South of where the Chile Rise intersects the Peru-Chile Trench, the trench disappears as it is increasingly buried by sediments. However, subduction is still active as evidenced by the converging motion of the Antarctic Plate and the South America Plate and the volcanic activity. Only around 52° does the convergence change into strike-slip faulting at the Shackleton Fracture Zone.[6] Subduction in that area commenced 17 million years ago, and the Antarctic slab has not sunk deep into the mantle. At shallow depth, magma generation is dominated by anatexis of the slab. The mantle ahead of the edge of the subducting slab may be dominated by a large slab window.[7]

Other volcanic activity occurred in the region farther east, on Hardy Peninsula and some surrounding capes and islands during the Miocene;[8] potassium-argon dating has yielded ages of 18 and 21 million years ago. These volcanic systems may indicate that the Antarctic Plate is subducting beneath the Scotia Plate.[9]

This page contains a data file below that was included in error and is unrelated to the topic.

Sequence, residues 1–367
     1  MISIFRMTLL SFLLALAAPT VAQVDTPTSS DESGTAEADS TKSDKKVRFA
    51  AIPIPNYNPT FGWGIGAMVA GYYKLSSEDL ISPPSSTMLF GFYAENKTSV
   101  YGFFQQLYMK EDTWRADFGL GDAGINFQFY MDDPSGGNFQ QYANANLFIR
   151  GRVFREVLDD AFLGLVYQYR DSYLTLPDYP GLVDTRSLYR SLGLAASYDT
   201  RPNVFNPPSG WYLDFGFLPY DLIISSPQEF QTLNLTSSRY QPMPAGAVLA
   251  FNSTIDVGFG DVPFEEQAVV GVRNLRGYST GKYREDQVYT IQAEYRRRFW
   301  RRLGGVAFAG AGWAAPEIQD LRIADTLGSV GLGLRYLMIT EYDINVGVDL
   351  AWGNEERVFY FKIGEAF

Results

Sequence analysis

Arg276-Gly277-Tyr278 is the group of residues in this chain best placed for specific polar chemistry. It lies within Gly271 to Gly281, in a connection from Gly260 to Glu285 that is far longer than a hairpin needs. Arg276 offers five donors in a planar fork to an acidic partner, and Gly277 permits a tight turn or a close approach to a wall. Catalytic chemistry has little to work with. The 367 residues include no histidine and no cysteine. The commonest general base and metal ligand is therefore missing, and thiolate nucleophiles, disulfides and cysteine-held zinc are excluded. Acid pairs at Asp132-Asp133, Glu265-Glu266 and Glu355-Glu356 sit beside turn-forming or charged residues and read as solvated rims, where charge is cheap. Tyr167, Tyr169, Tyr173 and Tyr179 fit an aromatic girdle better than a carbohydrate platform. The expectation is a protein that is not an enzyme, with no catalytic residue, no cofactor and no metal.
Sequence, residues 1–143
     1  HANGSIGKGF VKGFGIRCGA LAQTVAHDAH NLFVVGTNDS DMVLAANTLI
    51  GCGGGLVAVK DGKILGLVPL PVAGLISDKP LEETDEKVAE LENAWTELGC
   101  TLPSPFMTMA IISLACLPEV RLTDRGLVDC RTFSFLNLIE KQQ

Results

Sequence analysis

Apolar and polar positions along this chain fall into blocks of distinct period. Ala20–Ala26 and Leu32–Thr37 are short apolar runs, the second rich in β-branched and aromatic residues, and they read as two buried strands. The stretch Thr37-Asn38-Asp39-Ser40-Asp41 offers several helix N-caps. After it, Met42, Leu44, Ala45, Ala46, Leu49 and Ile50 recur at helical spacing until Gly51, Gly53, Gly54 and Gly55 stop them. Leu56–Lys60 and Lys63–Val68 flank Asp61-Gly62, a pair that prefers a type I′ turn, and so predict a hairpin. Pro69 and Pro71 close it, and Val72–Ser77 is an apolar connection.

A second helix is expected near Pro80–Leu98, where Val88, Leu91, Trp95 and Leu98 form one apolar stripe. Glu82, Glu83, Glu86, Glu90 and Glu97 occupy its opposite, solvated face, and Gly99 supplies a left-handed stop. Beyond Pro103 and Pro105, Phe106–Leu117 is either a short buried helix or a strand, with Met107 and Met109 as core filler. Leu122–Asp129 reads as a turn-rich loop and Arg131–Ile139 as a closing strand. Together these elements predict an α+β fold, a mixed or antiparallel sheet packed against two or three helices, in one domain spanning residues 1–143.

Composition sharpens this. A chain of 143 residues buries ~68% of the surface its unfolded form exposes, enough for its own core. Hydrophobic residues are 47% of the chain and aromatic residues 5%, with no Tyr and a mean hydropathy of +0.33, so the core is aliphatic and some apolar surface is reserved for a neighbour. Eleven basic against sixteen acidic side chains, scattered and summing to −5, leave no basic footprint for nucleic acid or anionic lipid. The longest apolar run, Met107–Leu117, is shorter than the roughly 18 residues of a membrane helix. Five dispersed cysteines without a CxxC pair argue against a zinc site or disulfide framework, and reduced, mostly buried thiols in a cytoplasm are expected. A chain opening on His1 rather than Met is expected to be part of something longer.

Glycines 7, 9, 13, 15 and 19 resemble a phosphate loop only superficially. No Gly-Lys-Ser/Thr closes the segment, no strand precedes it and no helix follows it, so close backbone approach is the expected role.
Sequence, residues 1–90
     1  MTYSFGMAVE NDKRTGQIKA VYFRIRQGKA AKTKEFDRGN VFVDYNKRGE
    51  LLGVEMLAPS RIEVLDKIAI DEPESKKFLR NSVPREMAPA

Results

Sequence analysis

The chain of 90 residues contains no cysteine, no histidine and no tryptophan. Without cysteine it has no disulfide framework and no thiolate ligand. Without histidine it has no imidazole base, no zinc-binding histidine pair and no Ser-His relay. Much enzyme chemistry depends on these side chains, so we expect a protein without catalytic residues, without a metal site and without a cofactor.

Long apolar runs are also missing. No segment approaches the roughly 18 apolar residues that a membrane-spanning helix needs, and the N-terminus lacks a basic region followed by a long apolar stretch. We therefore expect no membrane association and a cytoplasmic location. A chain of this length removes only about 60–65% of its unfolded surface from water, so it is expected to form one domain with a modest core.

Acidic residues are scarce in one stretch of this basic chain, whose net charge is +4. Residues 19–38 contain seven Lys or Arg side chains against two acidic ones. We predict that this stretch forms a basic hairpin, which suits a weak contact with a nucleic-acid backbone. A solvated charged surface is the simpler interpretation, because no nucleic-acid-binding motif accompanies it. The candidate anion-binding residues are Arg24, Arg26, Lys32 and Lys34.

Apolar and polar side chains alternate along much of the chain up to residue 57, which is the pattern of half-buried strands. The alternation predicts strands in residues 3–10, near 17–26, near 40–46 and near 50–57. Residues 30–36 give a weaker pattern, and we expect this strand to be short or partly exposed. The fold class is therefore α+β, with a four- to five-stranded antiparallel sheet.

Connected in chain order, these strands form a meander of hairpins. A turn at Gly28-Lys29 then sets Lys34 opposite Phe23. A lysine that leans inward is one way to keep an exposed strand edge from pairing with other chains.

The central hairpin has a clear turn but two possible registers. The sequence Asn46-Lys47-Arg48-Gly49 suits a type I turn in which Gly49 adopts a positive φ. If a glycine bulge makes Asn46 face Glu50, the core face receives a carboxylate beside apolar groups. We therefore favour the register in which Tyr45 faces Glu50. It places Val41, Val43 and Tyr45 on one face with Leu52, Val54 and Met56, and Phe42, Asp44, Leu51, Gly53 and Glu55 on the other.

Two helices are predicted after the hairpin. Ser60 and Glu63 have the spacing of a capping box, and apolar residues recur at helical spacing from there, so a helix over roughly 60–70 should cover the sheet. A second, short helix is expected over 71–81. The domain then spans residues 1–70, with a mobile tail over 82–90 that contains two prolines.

Three stages of tectonic activity have been noted; Late Cretaceous, Paleocene-Early Eocene and Middle Eocene to Oligocene.[10]

Local[edit]

Fueguino lies on a peninsula on the southeastern side of Cook Island, Tierra del Fuego,[1] but it also extends to Londonderry Island. The main Tierra del Fuego island lies northeast of Fueguino.[8] This area of southern Tierra del Fuego is part of the Fuegian Andes,[11] which are formed by various intrusive, effusive and metamorphic forms on the Scotia Plate.[12]

The field contains lava domes and pyroclastic cones,[1] reaching heights of 150 metres (490 ft).[13] One of these cones has a crater lake within a 150 metres (490 ft) wide crater. Volcanic activity may be influenced by north-south trending faults.[1]

Composition[edit]

The field has erupted andesite.[1] Such a limited range of composition is typical for Austral Volcanic Zone volcanoes, which only feature andesite and dacite.[14] Lava domes feature columnar joints.[1] The surface texture of the rocks is trachytic to porphyritic.[13]

The rocks contain phenocrysts of clinopyroxene, hornblende and plagioclase. In terms of composition, the Fueguino rocks belong to the calc-alkaline series and resemble tholeiites and andesites from primitive volcanic arcs.[13] Xenoliths from the Patagonian batholith are also found.[14]

Basement[edit]